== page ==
Multiple sclerosis (MS) is a disease that can progress (get worse) over time. Some MS progression is noticeable, such as worsening symptoms. But this is just the tip of the iceberg. Even when your symptoms appear stable, you still should work closely with your doctor to monitor the condition.
There are 4 main types of MS, each with its own pattern of progression:
- Relapsing-remitting MS: Clearly defined relapses (attacks) with partial or complete recovery in between relapses (affects around 85% of people with MS).
- Secondary progressive MS: Affects about 50% of people with relapsing-remitting MS after 10 years. There are periods of worsening and improvement, but MS steadily worsens overall.
- Primary progressive MS: No clear relapses, but over a period of years, there is a gradual loss of physical and cognitive (thinking, memory, and planning) functions (affects about 10% of all people with MS).
- Progressive-relapsing MS: Relapses with or without some recovery and steadily worsens over time (affects about 5% of people with MS).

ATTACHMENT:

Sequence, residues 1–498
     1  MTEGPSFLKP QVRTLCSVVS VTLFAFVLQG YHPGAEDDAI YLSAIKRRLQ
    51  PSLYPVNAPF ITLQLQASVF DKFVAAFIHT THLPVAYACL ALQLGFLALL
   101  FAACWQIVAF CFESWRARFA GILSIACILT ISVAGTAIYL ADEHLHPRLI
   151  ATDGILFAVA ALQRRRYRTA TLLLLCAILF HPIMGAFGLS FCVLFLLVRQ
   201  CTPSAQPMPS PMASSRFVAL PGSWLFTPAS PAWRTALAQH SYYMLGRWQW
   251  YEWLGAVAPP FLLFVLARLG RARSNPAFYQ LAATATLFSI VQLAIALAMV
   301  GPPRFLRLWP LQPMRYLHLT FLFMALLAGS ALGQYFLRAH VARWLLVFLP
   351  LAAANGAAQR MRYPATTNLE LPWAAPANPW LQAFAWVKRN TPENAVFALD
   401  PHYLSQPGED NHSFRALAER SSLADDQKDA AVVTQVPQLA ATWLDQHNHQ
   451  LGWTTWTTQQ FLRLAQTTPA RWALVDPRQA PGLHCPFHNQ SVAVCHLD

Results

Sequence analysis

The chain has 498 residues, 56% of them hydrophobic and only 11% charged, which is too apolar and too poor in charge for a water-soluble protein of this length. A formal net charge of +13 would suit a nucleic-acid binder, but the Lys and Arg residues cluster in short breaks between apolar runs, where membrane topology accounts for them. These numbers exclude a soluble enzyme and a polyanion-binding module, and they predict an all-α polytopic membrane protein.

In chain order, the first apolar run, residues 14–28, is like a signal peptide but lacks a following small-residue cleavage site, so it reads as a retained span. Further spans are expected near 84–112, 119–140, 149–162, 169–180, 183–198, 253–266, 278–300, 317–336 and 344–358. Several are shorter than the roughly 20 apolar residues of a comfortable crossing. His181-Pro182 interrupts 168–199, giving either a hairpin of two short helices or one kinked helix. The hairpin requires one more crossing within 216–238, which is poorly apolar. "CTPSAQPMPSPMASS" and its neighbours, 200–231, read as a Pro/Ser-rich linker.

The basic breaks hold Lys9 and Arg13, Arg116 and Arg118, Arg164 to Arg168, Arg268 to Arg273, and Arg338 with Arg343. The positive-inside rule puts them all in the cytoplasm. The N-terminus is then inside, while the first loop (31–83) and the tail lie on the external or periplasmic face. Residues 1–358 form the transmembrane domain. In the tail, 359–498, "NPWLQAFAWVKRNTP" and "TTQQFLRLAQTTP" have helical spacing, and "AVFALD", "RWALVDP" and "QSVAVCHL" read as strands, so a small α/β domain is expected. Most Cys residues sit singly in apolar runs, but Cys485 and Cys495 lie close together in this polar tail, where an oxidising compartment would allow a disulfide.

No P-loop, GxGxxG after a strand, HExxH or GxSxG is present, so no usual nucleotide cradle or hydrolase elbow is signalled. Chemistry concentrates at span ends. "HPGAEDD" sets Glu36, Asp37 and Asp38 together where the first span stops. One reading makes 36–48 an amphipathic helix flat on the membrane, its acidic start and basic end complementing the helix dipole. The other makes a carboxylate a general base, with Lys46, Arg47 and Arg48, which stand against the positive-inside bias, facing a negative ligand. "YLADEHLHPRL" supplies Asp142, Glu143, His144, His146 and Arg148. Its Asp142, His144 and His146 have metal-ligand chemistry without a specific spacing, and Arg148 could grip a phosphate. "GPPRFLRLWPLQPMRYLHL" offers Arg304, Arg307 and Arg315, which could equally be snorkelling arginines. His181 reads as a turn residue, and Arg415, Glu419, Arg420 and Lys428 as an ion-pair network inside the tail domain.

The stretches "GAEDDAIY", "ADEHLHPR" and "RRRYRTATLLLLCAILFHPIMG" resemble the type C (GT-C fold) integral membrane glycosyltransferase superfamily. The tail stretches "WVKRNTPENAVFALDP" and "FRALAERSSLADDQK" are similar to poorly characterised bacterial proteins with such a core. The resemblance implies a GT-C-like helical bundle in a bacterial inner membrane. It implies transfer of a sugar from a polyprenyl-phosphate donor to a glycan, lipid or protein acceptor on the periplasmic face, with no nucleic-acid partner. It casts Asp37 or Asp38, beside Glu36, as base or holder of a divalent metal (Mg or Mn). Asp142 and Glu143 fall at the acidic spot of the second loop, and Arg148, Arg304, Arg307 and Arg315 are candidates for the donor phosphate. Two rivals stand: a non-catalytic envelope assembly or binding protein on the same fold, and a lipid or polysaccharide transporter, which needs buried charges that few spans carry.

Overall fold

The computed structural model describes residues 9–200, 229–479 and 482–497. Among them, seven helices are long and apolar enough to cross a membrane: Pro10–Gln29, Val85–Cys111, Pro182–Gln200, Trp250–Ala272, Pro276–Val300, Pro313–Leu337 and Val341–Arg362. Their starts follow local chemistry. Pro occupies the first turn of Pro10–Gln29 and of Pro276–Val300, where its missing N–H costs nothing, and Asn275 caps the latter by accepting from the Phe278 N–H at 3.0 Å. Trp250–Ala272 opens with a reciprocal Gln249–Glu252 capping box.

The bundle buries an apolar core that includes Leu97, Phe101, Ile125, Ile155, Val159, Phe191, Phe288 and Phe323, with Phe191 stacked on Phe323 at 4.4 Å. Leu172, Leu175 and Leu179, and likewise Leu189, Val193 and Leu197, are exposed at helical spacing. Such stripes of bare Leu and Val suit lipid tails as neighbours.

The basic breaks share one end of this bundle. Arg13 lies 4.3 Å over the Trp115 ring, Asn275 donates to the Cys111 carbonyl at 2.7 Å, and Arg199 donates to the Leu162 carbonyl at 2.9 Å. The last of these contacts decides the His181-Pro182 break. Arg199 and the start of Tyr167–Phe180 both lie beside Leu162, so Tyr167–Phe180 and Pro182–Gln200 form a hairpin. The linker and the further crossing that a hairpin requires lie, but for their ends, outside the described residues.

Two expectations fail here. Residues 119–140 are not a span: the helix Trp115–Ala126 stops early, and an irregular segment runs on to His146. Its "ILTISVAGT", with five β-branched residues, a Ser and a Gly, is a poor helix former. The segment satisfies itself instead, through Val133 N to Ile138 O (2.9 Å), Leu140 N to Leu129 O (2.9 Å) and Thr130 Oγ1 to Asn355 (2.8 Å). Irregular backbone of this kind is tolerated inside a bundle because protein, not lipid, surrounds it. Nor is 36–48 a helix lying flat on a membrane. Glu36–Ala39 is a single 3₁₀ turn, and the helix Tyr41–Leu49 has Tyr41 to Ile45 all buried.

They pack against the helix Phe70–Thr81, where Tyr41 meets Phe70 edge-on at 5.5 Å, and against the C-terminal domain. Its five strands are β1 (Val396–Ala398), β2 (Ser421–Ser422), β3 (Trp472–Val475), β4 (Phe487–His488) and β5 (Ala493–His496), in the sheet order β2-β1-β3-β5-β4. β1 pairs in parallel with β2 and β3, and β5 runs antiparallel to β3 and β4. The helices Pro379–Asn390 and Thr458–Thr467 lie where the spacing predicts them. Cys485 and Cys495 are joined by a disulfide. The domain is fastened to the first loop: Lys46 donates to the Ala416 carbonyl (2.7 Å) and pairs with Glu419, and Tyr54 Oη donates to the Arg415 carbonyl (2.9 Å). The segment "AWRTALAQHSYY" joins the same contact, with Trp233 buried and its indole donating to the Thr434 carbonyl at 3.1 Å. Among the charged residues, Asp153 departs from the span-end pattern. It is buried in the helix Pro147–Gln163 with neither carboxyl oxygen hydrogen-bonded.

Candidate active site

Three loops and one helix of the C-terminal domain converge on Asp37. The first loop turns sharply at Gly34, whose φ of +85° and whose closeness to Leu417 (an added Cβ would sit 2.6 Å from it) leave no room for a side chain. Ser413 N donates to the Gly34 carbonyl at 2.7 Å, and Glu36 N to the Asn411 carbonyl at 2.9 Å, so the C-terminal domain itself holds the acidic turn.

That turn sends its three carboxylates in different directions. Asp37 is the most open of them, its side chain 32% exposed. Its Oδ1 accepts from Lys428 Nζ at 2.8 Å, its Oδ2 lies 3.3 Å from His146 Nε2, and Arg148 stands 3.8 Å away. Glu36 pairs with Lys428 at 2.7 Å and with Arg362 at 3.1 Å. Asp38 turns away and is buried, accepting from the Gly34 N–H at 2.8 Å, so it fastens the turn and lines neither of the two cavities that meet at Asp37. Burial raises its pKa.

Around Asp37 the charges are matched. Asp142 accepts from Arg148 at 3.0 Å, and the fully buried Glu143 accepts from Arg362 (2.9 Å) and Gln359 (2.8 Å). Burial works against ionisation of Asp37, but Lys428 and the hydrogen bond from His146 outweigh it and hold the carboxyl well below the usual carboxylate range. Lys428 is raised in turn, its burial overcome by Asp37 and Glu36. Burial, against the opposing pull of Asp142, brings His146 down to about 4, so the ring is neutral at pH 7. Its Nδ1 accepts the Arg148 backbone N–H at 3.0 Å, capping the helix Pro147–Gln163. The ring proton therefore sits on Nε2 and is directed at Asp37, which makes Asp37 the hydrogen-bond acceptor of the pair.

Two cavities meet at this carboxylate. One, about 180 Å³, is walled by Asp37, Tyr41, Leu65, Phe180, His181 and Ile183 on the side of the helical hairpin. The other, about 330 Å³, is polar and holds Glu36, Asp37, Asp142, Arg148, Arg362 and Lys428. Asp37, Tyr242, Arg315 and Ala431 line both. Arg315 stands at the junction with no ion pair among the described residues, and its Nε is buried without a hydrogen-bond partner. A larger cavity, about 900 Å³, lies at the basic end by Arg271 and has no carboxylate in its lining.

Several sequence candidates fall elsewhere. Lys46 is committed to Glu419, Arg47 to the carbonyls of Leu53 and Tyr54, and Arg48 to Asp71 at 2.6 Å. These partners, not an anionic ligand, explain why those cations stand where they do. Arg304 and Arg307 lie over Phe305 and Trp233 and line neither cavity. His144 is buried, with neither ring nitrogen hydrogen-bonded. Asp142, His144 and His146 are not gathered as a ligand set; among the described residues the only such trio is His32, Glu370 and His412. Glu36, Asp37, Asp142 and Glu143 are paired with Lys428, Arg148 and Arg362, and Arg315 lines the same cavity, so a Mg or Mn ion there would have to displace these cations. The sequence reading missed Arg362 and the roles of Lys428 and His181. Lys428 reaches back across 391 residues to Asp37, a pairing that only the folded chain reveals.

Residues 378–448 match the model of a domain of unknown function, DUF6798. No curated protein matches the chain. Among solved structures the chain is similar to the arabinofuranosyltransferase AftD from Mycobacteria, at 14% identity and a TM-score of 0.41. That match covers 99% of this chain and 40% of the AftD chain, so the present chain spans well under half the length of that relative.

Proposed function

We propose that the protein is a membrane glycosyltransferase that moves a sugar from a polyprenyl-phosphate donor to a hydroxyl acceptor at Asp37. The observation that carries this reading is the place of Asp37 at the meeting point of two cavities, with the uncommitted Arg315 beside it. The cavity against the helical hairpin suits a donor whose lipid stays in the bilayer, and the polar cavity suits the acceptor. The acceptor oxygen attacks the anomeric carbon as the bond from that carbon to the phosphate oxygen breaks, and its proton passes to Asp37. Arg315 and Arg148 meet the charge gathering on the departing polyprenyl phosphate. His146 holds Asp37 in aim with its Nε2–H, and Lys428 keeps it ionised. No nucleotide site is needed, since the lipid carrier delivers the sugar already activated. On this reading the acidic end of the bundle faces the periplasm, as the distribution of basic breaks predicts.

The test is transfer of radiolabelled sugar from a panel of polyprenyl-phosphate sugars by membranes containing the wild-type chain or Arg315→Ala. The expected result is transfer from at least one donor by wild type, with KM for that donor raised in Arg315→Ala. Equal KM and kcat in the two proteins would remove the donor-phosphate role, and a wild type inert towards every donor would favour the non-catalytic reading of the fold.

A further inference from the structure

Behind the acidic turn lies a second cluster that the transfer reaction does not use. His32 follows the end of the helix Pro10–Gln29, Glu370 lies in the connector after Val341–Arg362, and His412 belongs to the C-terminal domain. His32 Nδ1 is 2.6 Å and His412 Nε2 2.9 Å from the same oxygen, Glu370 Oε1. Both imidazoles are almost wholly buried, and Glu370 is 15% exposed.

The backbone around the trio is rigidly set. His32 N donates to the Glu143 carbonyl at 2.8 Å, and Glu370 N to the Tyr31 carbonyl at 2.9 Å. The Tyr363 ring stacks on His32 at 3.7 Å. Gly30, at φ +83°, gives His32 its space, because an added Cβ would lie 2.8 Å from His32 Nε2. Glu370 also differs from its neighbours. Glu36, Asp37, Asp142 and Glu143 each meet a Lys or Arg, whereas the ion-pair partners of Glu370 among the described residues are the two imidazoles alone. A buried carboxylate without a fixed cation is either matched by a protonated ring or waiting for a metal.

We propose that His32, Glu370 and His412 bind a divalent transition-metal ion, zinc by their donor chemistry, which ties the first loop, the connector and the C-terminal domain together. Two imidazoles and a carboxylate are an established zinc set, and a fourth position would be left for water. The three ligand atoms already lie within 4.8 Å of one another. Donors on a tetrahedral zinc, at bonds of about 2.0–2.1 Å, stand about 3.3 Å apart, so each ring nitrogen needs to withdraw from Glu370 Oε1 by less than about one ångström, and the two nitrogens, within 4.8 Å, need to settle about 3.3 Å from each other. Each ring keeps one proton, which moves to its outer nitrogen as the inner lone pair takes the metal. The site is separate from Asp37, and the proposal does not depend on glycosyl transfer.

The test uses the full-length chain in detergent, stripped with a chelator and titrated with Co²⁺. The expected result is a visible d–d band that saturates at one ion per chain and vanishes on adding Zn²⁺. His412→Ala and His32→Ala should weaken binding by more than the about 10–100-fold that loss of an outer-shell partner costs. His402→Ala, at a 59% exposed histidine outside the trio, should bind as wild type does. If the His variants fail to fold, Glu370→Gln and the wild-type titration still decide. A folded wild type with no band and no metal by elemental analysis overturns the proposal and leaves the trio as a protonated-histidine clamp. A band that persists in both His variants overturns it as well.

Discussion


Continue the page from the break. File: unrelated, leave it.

A study has found that, among people with relapses and progression, the number of relapses a person had in the first 2 years affected their risk of progression:
- People with more relapses in the first 2 years had a faster progression of MS, and became disabled sooner than those who had fewer relapses in the first 2 years.
- Even having one extra relapse in the first 2 years increased the risk of faster MS progression.
Learn what you can do to manage your MS and reduce your risk of MS symptom progression.
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